<img height="1" width="1" style="display:none" src="https://www.facebook.com/tr?id=1833360170048391&amp;ev=PageView&amp;noscript=1"> Act Now: U.S. Fish Populations Are Under Threat

Take Action: Protect America’s Fishery Conservation Law

Urge Congress to protect our nation’s fish populations!

Late last year, a key committee in the U.S. House of Representatives voted for legislation that would put the health of our fisheries in jeopardy. These bills, H.R. 200 and H.R. 3588, would seriously weaken the nation’s primary ocean fisheries management law, the Magnuson-Stevens Fishery Conservation and Management Act. The two bills are on track to be voted on by the full House this spring.

Ask your representative to safeguard our fisheries and support the Magnuson-Stevens Act.

One of the cornerstone objectives of current U.S. fisheries policy is to prevent overfishing by relying on the best available science to make sound management decisions. The primary tools for achieving this are science-based annual catch limits developed by regional fishery managers. By using these tools, overfishing has dropped to historic lows, allowing fishermen greater stability and the ocean ecosystem more protection.

However, H.R. 200 would exempt many fish stocks from catch limits, leading to an increased risk of overfishing. In addition, it would add broad loopholes in the requirement to rebuild overfished populations as soon as possible. H.R. 200 would also undermine the protections of key conservation laws, such as the National Environmental Policy Act and the Endangered Species Act. Lastly, H.R. 3588 would exempt management of recreational red snapper fishing in the Gulf of Mexico from the conservation requirements of the Magnuson-Stevens Act and would transfer management responsibility to an untested, state-based approach.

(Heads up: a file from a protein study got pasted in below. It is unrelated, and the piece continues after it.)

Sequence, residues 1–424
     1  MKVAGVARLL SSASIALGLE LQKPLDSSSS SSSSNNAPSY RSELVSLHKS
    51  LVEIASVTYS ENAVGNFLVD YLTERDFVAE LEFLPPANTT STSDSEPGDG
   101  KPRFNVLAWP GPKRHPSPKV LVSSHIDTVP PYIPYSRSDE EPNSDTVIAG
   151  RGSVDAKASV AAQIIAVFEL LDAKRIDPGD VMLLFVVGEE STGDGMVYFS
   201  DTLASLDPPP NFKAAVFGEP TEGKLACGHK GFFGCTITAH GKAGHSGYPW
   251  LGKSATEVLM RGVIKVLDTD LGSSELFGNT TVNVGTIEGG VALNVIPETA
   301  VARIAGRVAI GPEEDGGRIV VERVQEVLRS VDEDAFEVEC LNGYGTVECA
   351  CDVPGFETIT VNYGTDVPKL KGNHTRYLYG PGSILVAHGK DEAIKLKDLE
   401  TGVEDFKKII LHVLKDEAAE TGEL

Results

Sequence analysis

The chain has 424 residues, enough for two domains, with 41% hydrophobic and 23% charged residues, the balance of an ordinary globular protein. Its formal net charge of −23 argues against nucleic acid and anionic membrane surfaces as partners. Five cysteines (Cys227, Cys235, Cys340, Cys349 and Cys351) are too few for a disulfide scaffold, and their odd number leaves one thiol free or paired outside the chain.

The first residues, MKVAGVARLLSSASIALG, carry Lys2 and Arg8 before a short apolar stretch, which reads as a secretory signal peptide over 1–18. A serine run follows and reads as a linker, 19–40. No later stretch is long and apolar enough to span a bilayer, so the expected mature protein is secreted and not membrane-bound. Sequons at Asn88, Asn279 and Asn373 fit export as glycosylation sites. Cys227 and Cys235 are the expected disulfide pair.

In the 40-plus years since the Magnuson-Stevens Act became law, the challenges facing our fisheries have changed. Rather than weakening fisheries management, Congress should update the law to give managers greater ability to address these challenges, including damage to essential fish habitat, changing ocean conditions, and increased offshore activities, such as coastal dredging and drilling.  

H.R. 200 and H.R. 3588 represent shortsighted approaches that would take us back several decades to the days when overfishing and depleted fish populations were chronic problems. Help ensure that fishermen, coastal communities, oceans, and future generations benefit from stable, abundant fish populations. Please urge your representative to vote no on H.R. 200 and H.R. 3588!

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